House Bill 5
What is HB5?
The state legislature passed House Bill 5 in 2013, significantly changing the state’s curriculum and graduation requirements, along with district assessment and accountability systems. The changes began to be implemented in the 2014-2015 school year. HB5 replaces the Minimum High School Program, Recommended High School Program and Distinguished Achievement Program with the Foundation High School Program. This change affects incoming ninth grade students.
This change was implemented to simplify the high school process with one 22-credit program, with the goal of preparing students to successfully enter the workforce or postsecondary education. More flexibility is offered in order to allow students to pursue their interests in high school.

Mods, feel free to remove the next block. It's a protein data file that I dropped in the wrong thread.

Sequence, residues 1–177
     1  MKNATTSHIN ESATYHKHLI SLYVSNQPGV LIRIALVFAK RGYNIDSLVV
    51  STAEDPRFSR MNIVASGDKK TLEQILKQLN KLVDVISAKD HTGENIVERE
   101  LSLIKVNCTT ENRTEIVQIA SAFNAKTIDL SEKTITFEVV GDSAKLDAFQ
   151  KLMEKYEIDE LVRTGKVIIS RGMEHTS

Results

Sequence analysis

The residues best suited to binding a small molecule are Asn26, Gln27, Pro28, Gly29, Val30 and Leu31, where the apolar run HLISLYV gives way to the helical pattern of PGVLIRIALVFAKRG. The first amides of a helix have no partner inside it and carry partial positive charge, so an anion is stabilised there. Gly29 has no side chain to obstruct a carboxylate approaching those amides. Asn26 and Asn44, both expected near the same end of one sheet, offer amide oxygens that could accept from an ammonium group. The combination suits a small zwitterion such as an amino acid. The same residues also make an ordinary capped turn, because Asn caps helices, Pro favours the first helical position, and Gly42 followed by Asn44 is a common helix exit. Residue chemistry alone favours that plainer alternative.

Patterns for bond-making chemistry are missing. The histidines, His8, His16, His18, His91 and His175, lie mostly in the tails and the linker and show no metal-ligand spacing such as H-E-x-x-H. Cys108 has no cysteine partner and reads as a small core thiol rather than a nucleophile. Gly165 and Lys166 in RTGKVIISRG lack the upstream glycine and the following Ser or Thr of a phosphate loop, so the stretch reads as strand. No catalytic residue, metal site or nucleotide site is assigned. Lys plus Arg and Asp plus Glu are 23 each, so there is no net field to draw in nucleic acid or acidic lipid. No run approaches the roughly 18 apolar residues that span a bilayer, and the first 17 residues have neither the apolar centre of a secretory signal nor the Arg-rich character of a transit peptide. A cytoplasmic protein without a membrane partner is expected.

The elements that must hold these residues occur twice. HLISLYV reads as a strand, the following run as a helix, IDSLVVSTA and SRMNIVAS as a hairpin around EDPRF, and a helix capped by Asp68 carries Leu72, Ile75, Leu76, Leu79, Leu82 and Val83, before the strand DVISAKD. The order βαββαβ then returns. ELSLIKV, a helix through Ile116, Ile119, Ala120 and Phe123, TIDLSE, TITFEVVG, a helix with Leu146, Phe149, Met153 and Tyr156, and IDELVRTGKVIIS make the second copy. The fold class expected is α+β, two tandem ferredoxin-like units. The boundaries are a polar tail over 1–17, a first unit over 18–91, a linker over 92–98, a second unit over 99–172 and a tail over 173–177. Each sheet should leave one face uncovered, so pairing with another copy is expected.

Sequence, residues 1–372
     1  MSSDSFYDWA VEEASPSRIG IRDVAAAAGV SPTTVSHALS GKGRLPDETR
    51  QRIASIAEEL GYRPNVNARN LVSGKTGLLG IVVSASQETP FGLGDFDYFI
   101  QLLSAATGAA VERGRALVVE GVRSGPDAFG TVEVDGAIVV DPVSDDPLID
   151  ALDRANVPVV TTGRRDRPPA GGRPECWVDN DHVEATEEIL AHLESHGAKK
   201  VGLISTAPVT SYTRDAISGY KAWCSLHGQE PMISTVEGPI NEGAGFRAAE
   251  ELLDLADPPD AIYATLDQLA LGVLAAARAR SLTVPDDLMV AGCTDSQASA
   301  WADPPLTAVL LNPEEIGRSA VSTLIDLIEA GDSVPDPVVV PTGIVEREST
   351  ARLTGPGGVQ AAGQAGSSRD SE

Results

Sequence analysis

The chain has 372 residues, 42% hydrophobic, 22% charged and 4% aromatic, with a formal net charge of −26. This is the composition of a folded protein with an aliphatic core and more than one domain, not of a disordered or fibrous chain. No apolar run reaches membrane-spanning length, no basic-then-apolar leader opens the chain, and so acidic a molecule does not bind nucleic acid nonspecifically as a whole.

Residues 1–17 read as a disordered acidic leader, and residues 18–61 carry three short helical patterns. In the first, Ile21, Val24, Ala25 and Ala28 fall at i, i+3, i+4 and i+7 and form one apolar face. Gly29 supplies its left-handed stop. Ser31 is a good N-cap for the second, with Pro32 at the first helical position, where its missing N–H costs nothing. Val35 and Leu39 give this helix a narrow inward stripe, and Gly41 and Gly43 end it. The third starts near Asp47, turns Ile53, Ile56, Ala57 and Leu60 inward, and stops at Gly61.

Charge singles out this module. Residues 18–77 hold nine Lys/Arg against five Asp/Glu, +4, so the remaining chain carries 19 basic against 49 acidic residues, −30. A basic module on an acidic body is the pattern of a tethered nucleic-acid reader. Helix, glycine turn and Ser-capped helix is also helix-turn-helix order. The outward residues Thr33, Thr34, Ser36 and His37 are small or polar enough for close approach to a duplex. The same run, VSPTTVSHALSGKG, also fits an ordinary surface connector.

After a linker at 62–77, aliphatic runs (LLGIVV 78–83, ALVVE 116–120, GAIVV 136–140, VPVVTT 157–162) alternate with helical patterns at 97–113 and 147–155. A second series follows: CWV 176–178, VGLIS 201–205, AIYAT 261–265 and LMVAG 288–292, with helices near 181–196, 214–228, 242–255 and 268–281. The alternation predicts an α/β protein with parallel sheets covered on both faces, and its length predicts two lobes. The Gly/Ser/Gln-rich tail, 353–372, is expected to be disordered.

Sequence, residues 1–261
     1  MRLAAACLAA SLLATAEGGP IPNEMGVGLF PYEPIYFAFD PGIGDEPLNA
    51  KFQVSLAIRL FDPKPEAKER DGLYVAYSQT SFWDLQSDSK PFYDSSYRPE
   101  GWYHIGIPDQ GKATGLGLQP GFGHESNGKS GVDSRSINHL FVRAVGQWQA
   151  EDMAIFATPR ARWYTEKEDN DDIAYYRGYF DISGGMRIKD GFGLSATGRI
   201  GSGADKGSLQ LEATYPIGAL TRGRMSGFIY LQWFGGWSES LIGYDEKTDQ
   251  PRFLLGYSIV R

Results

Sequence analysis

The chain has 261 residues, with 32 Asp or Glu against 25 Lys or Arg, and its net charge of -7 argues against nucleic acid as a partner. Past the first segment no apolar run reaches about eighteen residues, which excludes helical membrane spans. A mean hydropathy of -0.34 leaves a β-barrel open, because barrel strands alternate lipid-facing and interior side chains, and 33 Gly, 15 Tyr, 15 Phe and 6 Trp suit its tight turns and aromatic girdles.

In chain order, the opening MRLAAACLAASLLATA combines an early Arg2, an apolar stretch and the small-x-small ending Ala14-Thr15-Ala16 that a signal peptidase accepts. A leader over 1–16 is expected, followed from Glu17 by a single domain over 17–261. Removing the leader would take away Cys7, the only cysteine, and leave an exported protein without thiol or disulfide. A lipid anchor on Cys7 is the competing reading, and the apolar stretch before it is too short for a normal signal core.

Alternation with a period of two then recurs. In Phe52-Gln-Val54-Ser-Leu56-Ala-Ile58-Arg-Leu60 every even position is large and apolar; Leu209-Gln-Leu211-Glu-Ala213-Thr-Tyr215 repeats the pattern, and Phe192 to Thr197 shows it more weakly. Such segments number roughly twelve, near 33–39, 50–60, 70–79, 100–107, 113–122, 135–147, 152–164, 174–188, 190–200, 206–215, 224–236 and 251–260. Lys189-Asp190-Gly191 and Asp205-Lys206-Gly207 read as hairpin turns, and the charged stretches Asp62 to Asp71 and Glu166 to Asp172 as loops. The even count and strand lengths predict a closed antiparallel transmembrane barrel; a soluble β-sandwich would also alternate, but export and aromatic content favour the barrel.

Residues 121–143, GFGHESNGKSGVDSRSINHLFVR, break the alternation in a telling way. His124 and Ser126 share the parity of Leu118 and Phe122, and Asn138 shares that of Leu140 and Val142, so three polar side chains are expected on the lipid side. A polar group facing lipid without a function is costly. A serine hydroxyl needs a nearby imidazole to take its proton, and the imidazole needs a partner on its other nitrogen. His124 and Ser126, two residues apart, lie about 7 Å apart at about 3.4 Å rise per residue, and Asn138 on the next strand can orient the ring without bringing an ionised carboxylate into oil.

The Foundation High School Program
The 22-credit Foundation High School Program requires each student to earn four credits in English, three in mathematics, three in social studies, one in physical education, one in fine arts, two in languages other than English and five in electives.
The Foundation High School Program with Endorsement
The 26-credit Foundation High School Program with Endorsement requires each student, on entering ninth grade, to choose one of five endorsements to pursue. Students are permitted to graduate without an endorsement, but are highly encouraged to choose one. Graduating without an endorsement could negatively impact admissions into college. Students may identify and earn more than one endorsement, if desired.